Chicago's Voter Problem

The Chicago Tribune headline was stark: "Chicago voter registration lowest since 1942."

As of Monday February 13th, about 1.28 million voters were registered in the city, according to the Chicago Board of Election Commissioners. That’s lower than in 1942, the first year such numbers were recorded.

In 1942, the population of Chicago was about 3.4 million. Last year, the population was a little less than 2.7 million. Thus, while the number of registered voters in the city is at it's lowest level since records began, the percentage of city residents registered to vote is not as bad.

The numbers that I would be far more interested in is the demographic and political make up of the registered voters. For instance how many men vs. women are registered. What about ethnicity? There is a widely held belief in local political circles that Hispanics tend to neither register nor vote in significant numbers. It is also assumed that black voters are more politically active than other minority communities in Chicago and that Western European whites are more apathetic than those with origins from Eastern European countries.

What about registration by neighborhood? Rogers Park, Andersonville and Albany Park are known as politically active communities. Gresham, Humboldt Park and Austin are not known to be as engaged. I would like to know if registration reflects those stereotypes.

Political affiliation would be nice to see as well. Illinois does not require registered voters to pick a party any more so this number is hard to ascertain. We know that in 2010, the year of the Tea Party revolt, Chicagoans voted 77% - 19% for Democrat Alexi Giannoulias over Republican Mark Kirk in the U.S. Senate race and 75% - 17% for Democrat Pat Quinn over Republican Bill Brady for governor. Thus, we know Chicago is still deep blue territory, but we don't know how many independent voters there are in Chicago.

The city lost more than 200,000 people in a ten year period from 2000 - 2010 according to U.S. Census data, and much of that lose took place on the south side of the city, home to a lot of long time Chicago residents. While there are a lot of new residents to the city, many of them move to the loop area and the near north side. Some of those new resident never change their voter registration, preferring to keep their votes in their states of origin which are often much more competitive than Illinois for national level races. Thus, the registered voting population does not necessarily mirror the actual population living and working here.

I would like more data to find out more about our changing city and the attitudes of voters. Has Chicago become more liberal or more moderate in the past 20 years? Has the reduction in unionized workers had any impact of voter turnout? Are new residents more conservative or more liberal? Are Chicago seniors vastly different in their voting patterns compared to middle age parents?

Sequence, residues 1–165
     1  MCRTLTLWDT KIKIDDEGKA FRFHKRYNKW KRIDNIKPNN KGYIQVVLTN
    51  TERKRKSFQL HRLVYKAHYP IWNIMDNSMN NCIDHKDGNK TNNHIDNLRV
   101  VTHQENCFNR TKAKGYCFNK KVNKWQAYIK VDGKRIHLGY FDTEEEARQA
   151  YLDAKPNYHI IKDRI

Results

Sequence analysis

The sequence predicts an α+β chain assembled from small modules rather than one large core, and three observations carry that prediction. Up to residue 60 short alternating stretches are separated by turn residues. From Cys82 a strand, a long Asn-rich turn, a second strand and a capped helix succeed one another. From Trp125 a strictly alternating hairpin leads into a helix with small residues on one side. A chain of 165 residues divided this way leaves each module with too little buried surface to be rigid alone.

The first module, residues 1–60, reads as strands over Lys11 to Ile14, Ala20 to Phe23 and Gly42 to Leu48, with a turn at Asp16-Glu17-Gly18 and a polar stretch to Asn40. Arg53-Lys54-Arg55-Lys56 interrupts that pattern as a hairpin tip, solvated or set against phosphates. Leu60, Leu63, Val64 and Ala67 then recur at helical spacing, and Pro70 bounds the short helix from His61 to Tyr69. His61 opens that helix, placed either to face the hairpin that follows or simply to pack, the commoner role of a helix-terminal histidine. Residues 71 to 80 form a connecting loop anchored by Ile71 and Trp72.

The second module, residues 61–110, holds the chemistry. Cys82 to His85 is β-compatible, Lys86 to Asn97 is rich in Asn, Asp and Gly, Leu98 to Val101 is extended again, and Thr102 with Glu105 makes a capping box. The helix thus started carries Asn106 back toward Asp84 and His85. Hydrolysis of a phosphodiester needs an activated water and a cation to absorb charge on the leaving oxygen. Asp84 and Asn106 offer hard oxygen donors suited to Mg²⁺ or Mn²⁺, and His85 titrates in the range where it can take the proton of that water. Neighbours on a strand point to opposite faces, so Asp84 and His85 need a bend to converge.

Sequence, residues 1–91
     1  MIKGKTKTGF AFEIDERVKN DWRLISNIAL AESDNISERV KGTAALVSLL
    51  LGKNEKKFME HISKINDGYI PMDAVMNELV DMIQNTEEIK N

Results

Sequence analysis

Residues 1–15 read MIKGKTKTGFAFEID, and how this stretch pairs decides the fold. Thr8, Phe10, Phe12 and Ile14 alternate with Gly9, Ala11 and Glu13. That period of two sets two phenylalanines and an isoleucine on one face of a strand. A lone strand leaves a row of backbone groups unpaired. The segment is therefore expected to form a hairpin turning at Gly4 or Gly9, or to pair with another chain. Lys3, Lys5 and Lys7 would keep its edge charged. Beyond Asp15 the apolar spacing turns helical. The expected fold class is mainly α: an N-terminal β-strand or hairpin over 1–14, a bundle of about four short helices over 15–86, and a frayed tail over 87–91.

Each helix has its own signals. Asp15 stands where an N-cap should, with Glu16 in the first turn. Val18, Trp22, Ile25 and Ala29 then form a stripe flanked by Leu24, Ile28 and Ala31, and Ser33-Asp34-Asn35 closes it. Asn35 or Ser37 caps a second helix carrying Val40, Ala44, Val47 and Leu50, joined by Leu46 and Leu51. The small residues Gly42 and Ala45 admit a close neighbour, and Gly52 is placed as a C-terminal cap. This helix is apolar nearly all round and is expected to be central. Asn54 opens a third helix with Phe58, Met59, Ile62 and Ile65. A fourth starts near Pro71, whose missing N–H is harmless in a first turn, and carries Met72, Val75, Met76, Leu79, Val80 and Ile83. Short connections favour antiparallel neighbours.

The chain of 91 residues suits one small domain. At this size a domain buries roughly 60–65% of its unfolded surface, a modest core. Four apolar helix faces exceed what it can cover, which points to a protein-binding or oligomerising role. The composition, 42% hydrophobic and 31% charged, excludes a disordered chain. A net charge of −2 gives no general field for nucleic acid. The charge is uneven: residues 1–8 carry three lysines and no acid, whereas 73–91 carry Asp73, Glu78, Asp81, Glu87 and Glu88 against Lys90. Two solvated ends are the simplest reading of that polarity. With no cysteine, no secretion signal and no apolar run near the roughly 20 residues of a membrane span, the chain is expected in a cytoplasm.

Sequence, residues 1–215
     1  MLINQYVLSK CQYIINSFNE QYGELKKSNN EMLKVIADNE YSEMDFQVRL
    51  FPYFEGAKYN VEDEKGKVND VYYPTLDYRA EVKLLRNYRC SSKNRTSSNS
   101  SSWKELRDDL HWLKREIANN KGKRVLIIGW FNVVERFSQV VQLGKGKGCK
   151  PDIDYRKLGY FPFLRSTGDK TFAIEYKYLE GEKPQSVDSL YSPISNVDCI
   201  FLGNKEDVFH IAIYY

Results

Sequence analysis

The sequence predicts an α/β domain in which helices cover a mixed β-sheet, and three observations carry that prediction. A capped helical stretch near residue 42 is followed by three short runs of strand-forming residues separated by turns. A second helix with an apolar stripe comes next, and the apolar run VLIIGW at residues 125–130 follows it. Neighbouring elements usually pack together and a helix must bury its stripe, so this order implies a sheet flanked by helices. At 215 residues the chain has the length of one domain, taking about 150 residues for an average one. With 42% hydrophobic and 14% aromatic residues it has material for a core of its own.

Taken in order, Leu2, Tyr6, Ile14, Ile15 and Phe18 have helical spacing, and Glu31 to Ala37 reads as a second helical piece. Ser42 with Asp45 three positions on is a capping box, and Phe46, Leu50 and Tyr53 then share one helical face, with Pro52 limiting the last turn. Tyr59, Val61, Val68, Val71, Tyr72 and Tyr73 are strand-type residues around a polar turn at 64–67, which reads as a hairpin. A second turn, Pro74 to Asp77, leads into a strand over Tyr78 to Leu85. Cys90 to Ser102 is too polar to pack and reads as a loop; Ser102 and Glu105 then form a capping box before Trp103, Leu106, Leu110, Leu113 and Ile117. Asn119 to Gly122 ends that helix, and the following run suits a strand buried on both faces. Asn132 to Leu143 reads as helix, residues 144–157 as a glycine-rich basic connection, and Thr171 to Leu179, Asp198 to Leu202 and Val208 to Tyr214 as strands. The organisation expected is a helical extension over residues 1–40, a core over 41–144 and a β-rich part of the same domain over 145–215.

There are a lot of unanswered questions. One point is clear. Voter turnout for local elections is horrendous.

In the 2010 midterm elections during which Illinois was voting for one of its U.S. Senators, all of its Congressional seats and all state wide Constitutional officers, only 53% of those registered to vote in Chicago did so. That represents about 26% of the total population of the city.

The numbers in city wide elections for Mayor and Alderman in 2011 were far more embarrassing. A mere 42% of registered voters bother to bast a ballot.

And those abysmal turnout numbers are not any better despite the implementation of early voting and absentee voting. How much easier can we make it?

Perhaps the new registration numbers from the Chicago Board of Election represent a more honest assessment of voter engagement in Chicago. Eligible voters are not that interested in registering let along voting.

And you wonder how we end up with a Governor Pat Quinn...



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  • 1. At least you mention the city's population going down, but not if there is a mathematical correlation with the voter registration numbers going down.

    2. In some areas (especially Hispanic) I'm sure that the number of persons counted in the census who are not eligible to vote is much higher. There doesn't seem to be any other explanation for Burke having an iron grip around 51st and Pulaski. Ask the person in the top of the "Related Blogs" panel about that.

    3. One thing you didn't notice, but I have for the past several years, is that the city needs the help of suburban legislators (especially North Shore) to get anything through on the state level. Now Cullerton has some proposal on school districts taking back their pension responsibilities that one has to wonder whether they have prostituted themselves to him to such an extent (as they did over the state income tax hike) that he seriously thinks he is going to get that.

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